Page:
Broken or dislocated jaw


Definition

A broken jaw is a break (fracture) in the jaw bone. A dislocated jaw means the lower part of the jaw has moved out of its normal position at one or both joints where the jaw bone connects to the skull (temporomandibular joints).

Alternative Names

Dislocated jaw; Fractured jaw; Fractured mandible; Broken jaw; TMJ dislocation; Mandibular dislocation

Considerations

A broken or dislocated jaw usually heals well after treatment. But the jaw may become dislocated again in the future.

Complications may include:

Causes

This EM Should be displayed at the top of the article section "Causes"

The most common cause of a broken or dislocated jaw is injury to the face. This may be due to:

Symptoms

Symptoms of a broken jaw include:

Symptoms of a dislocated jaw include:

First Aid

A person with a broken or dislocated jaw needs medical attention right away. This is because they may have breathing problems or bleeding. Call your local emergency number (such as 911) or a local hospital for further advice.

Hold the jaw gently in place with your hands on the way to the emergency room. You can also wrap a bandage under the jaw and over the top of the head. The bandage should be easy to remove in case you need to vomit.

At the hospital, if you have breathing problems, heavy bleeding occurs, or severe swelling of your face, a tube may be placed into your airways to help you breathe.

FRACTURED JAW

Treatment for a fractured jaw depends on how badly the bone is broken. If you have a minor fracture, it can heal on its own. You may only need pain medicines. You will probably have to eat soft foods or stay on a liquid diet for a while.

Surgery is often needed for moderate to severe fractures. The jaw may be wired to the teeth of the opposite jaw to keep the jaw stable while it heals. Jaw wires are usually left in place for 6 to 8 weeks. Small rubber bands (elastics) are used to hold the teeth together. After a few weeks, some of the elastics are removed to allow motion and reduce joint stiffness.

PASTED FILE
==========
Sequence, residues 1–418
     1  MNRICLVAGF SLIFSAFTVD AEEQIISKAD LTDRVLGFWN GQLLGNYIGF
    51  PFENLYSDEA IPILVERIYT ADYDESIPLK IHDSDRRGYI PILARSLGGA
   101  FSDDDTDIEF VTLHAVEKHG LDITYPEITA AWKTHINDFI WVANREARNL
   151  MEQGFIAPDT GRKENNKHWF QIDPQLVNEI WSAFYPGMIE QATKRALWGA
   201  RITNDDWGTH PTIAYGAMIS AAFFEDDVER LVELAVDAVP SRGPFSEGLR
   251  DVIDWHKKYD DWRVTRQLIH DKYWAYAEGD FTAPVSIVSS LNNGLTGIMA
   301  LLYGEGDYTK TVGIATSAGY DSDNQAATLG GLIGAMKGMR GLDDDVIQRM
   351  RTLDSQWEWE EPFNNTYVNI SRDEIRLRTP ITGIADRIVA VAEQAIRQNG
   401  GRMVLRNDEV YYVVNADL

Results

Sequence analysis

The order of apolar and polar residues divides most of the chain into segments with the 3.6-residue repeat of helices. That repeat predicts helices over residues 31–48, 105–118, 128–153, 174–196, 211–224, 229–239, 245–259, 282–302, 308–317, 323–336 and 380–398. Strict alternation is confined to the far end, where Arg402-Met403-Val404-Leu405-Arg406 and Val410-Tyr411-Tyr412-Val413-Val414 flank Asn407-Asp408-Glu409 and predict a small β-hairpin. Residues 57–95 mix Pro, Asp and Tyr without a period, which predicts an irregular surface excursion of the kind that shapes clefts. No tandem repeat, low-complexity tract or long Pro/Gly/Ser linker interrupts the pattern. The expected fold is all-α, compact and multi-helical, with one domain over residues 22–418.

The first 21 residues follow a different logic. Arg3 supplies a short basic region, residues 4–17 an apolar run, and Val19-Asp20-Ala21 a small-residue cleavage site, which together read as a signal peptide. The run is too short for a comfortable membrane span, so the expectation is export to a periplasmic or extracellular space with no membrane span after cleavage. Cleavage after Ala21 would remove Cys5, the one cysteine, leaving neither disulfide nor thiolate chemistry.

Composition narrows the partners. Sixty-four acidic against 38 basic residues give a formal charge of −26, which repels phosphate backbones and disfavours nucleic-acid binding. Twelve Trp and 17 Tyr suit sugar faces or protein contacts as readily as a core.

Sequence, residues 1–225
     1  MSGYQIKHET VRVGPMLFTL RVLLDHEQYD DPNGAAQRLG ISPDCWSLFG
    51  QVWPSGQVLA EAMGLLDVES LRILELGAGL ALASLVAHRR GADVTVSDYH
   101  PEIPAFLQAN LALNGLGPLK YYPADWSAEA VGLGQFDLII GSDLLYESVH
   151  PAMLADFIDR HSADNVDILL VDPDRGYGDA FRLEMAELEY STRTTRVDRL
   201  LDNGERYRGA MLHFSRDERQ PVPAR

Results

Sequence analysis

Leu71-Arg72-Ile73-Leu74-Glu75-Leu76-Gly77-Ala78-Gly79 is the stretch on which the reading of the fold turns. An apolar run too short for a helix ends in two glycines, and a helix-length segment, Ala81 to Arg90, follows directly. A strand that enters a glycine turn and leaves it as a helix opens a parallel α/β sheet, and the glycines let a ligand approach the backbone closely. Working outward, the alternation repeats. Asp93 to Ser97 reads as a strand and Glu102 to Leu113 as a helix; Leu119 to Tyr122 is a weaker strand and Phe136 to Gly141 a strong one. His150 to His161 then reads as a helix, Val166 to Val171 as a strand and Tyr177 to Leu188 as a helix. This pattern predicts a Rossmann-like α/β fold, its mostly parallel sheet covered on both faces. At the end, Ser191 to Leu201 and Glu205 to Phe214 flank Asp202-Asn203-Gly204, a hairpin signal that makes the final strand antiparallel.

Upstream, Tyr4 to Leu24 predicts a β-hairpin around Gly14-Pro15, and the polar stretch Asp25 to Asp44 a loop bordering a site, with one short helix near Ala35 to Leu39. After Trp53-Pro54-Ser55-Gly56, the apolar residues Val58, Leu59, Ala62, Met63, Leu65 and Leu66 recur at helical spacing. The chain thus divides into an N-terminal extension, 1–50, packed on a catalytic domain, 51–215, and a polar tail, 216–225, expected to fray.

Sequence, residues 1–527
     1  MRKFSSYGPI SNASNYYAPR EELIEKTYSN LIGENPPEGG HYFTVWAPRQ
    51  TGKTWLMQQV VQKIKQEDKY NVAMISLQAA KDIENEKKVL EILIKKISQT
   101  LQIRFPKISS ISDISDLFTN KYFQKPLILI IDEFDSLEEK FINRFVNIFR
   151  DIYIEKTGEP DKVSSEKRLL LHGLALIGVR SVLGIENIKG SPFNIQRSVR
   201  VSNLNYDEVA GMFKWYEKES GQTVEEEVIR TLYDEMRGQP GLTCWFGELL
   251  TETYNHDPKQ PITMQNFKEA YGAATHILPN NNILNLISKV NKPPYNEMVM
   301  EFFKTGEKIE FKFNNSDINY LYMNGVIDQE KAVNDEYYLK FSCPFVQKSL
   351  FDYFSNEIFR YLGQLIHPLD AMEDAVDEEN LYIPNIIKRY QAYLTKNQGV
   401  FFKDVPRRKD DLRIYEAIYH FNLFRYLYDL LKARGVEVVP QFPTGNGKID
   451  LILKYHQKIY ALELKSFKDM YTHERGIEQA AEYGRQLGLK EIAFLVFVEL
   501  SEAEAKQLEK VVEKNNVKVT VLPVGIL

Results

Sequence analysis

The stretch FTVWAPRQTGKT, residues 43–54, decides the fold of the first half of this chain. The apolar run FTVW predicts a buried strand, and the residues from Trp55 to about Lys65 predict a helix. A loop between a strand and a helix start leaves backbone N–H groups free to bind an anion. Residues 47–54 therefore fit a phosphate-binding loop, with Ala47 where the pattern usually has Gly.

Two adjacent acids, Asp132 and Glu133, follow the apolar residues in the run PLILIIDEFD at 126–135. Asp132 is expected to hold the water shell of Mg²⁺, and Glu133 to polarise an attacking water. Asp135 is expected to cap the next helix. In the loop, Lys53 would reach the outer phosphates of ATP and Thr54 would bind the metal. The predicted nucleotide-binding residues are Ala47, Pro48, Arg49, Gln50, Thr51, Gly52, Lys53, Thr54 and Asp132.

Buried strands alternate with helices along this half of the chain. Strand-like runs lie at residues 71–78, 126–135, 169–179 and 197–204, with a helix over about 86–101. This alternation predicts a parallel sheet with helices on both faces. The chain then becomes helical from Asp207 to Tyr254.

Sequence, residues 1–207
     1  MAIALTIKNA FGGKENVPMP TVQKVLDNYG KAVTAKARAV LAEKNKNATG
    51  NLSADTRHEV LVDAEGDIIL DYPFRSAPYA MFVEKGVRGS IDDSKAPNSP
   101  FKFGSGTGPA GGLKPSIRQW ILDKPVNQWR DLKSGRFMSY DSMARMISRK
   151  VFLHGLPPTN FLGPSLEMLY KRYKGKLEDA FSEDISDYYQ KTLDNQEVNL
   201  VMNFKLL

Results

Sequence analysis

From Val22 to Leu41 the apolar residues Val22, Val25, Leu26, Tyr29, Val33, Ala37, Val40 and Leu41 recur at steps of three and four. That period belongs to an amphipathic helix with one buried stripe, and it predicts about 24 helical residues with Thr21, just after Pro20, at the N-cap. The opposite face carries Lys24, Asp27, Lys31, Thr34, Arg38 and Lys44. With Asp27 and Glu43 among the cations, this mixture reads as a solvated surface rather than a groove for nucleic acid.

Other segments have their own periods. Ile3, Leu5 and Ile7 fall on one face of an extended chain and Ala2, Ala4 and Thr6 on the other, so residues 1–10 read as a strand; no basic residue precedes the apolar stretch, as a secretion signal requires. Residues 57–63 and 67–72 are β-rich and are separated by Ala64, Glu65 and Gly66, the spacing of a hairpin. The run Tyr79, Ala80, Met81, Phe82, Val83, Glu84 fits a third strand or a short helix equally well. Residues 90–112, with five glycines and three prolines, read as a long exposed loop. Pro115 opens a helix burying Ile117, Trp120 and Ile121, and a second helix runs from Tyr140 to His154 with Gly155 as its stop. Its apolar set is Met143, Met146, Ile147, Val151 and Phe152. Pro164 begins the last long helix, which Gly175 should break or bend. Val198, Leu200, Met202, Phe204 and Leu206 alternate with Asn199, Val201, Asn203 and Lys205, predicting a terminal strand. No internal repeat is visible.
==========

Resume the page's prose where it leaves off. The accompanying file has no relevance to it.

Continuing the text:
If the jaw is wired, you can only drink liquids or eat very soft foods. Have blunt scissors readily available to cut the elastics in the event of vomiting or choking. If the wires must be cut, call your health care provider right away so that the wires can be replaced.

DISLOCATED JAW

If your jaw is dislocated, a doctor may be able to place it back into the correct position using the thumbs. Numbing medicines (anesthetics) and muscle relaxants may be needed to relax the jaw muscles.

Afterward, your jaw may need to be stabilized. This usually involves bandaging the jaw to keep the mouth from opening widely. In some cases, surgery is needed to do this, particularly if repeated jaw dislocations occur.

After dislocating your jaw, you should not open your mouth widely for at least 6 weeks. Support your jaw with one or both hands when yawning and sneezing.

Do Not

Do not try to correct the position of the jaw. A doctor should do this.

When to Contact a Medical Professional

A broken or dislocated jaw requires prompt medical attention. Emergency symptoms include difficulty breathing or heavy bleeding.

Prevention

During work, sports, and recreation activities, using safety equipment, such as a helmet when playing football, or using mouth guards can prevent or minimize some injuries to the face or jaw.

References

Kellman RM. Maxillofacial trauma. In: Flint PW, Haughey BH, Lund V, et al, eds. Cummings Otolaryngology: Head & Neck Surgery. 6th ed. Philadelphia, PA: Elsevier Saunders; 2015:chap 23.

Mayersak RJ. Facial trauma. In: Marx JA, Hockberger RS, Walls RM, et al, eds. Rosen's Emergency Medicine: Concepts and Clinical Practice. 8th ed. Philadelphia, PA: Elsevier Saunders; 2014:chap 42.

A.D.A.M. content is best viewed in IE9 or above, Firefox and Google Chrome browser.